If a previous periodical payments order was in place, then an adult child can apply to the court. If successful, this would enable the child to obtain maintenance from their parent by way of periodical payments or a lump sum. These orders are rare and tend to be made where the child is continuing in education or undergoing training for a trade or profession.
The court also has power under this Act to grant maintenance in special circumstances. There is no clear definition of special circumstances, but previous cases have usually involved an adult child with a disability. The court tends to be sympathetic to cases where that disability means they will have an ongoing dependency or requirement for expensive medical equipment, treatments, and employment of specialist support.
The Children Act provides a potential alternative route, especially when the parents have not been married. There must not have been a maintenance order in place while the child was under 16. If there was then, perhaps bizarrely, an adult cannot apply now.
It enables an adult child to seek maintenance from their parents if they will be or are in further education or training for a profession or vocation, or, if there are special circumstances to justify making an order. What constitutes special circumstances will be the same as in the Matrimonial Causes Act.
Again, this order can be for periodic payments or a lump sum. Unlike for minor children, it does not provide rights or interests for the adult child in the family home.
What are the considerations?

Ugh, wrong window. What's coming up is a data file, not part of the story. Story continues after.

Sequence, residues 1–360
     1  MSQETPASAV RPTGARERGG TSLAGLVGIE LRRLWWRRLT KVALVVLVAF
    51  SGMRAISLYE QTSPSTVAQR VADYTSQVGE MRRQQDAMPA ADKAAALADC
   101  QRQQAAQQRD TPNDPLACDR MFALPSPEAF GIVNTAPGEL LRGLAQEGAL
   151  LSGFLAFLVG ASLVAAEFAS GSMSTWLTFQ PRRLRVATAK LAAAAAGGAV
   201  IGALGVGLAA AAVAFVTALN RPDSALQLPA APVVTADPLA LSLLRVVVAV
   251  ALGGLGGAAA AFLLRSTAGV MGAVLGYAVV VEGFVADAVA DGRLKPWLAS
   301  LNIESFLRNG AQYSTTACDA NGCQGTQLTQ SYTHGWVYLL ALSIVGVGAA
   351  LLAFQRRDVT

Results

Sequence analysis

The considerations for both the Acts are very similar. If you are entitled to apply, then the court will assess the following:
- the income and earning capacity of each parent;
- the financial needs and obligations of each parent;
- the child’s financial needs and their own ability to generate an income now and in the future;
- any physical or mental disability of the child; and
- any education or training they intend to undertake.
This will necessitate a disclosure by both parents and the adult child of any assets they hold and their incomes. The court is not limited in the amount it can award, which will be proportionate to the needs of the child.
Can an adult child ever claim an interest in the family home?
It is possible for an adult child to bring a claim ‘in equity’ stating they have a right over the family home. This is a civil action in which the adult child claims that, although they are not a legal owner of a property, it is only fair and just because of assurances they were given and actions they took that they could stake a legal interest in the property.